representation rights
annual General Meeting
number and selection of members of the Board of Directors
share capital
number of shares and redemption rights
any parallel company names.

If you file your start-up notification electronically, the Business Information System will create the Articles of

Association automatically. In this case, you do not have to create it separately.

If you file the start-up notification on paper, attach a written copy of the Articles of Association to the notification.

You can find a template for the Articles of Association in the start-up package compiled by the Finnish Patent and

Registration Office.

Note that the information included in the Articles of Association is public. You may, where appropriate, draw up a

separate shareholder agreement for your own use.

A shareholders’ agreement is not an official founding document of a limited liability company, and it is not mandatory to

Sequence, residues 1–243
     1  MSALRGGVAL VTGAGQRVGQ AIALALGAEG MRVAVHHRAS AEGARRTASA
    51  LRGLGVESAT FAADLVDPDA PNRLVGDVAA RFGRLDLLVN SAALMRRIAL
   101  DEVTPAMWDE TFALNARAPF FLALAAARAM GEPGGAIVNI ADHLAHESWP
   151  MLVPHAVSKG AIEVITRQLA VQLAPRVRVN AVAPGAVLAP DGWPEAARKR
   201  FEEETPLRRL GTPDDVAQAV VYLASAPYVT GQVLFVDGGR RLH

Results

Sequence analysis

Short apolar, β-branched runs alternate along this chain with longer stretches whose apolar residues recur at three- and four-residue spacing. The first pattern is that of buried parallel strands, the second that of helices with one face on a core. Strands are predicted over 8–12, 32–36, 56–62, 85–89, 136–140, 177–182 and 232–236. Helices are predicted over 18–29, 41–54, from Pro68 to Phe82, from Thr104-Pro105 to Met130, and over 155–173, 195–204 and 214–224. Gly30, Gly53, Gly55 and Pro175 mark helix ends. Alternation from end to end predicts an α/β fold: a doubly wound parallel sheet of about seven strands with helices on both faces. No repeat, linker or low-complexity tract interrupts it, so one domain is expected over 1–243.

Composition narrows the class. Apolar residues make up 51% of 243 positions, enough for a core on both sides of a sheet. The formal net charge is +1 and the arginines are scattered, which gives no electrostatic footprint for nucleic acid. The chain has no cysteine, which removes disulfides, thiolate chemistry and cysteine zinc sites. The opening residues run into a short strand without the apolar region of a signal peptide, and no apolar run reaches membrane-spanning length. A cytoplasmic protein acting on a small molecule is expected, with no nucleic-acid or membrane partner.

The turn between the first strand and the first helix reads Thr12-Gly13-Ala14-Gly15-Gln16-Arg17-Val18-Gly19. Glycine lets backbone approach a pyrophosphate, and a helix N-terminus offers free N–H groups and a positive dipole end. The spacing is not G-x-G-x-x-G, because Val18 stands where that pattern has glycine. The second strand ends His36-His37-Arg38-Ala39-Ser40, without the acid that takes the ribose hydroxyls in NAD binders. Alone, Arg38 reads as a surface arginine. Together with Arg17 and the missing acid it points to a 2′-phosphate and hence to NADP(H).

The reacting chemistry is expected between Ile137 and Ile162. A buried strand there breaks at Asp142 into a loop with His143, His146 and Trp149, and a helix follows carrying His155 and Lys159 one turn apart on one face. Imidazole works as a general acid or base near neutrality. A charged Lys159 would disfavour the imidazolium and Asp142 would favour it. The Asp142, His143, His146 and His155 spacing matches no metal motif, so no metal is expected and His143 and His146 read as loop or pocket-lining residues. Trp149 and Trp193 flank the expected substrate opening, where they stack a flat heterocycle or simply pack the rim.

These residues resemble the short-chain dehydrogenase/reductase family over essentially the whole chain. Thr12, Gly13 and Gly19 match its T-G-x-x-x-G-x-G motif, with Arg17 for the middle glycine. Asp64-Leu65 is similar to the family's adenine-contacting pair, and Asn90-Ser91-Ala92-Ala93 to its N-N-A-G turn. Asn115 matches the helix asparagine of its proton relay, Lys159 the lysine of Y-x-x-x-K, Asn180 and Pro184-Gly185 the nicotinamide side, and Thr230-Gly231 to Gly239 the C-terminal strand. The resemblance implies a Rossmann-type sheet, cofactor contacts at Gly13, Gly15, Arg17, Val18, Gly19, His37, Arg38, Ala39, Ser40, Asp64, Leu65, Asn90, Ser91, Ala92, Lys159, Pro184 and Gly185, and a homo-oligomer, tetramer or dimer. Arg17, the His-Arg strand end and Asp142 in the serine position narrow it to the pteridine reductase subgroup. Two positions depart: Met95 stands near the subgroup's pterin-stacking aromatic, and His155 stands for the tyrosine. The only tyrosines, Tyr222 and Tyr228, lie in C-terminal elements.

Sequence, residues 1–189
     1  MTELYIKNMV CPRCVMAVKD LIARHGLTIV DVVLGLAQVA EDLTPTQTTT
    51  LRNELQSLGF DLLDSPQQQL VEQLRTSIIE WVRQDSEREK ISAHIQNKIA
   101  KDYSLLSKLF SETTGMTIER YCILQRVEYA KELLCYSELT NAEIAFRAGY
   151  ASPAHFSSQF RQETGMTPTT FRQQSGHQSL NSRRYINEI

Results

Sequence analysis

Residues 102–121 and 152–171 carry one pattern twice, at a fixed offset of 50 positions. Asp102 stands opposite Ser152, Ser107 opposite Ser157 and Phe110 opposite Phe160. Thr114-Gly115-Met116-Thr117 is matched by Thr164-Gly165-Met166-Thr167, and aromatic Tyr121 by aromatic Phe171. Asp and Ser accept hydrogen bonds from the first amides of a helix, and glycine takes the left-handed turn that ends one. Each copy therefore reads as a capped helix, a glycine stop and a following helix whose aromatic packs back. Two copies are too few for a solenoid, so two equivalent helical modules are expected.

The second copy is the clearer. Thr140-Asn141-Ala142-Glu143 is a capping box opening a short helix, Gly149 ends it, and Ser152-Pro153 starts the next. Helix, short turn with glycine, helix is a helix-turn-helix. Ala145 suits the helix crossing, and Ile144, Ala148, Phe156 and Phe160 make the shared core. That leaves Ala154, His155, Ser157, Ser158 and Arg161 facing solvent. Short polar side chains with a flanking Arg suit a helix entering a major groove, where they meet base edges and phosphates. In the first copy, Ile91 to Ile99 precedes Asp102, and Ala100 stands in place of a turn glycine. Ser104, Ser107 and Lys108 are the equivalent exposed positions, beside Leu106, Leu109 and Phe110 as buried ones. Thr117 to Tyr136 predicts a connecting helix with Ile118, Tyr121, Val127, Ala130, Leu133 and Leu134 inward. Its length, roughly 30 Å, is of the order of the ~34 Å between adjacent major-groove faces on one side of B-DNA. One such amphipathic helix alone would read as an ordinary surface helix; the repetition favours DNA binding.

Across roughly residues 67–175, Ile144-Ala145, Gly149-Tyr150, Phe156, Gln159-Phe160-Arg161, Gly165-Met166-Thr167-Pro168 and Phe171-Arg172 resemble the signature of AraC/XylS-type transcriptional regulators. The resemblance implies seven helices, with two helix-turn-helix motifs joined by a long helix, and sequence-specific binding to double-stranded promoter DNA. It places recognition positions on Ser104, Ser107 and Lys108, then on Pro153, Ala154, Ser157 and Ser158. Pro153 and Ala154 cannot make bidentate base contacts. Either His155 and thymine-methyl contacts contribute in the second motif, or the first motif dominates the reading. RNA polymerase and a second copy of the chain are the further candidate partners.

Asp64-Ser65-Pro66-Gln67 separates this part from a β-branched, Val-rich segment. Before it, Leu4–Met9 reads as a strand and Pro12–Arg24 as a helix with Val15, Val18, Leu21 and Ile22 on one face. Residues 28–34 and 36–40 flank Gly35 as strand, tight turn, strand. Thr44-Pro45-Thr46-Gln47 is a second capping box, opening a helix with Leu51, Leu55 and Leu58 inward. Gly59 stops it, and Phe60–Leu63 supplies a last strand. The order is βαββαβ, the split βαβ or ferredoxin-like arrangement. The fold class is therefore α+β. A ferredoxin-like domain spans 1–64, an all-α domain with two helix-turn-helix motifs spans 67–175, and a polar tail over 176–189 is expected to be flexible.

compile one. However, if there are more than one shareholders, the shareholders’ agreement should always be compiled. It

creates regulations for the company’s operations and provides security in situations of conflict between the

shareholders.

Prepare the agreement with the other shareholders in accordance with your company’s needs. Agree on all the issues not

defined by the Limited Liability Companies Act. For example, you can agree on

division of labour and responsibility
financing and distribution of profit
redemption of shares
confidentiality, non-compete and intellectual property rights
accepting new shareholders to the company
contractual penalties and procedures for settling disputes.

The format of the shareholders’ agreement is free. You can create it either before the establishment of the company or at

a later date. Generally, it should, however, be written as early as possible. Remember to update the agreement, if the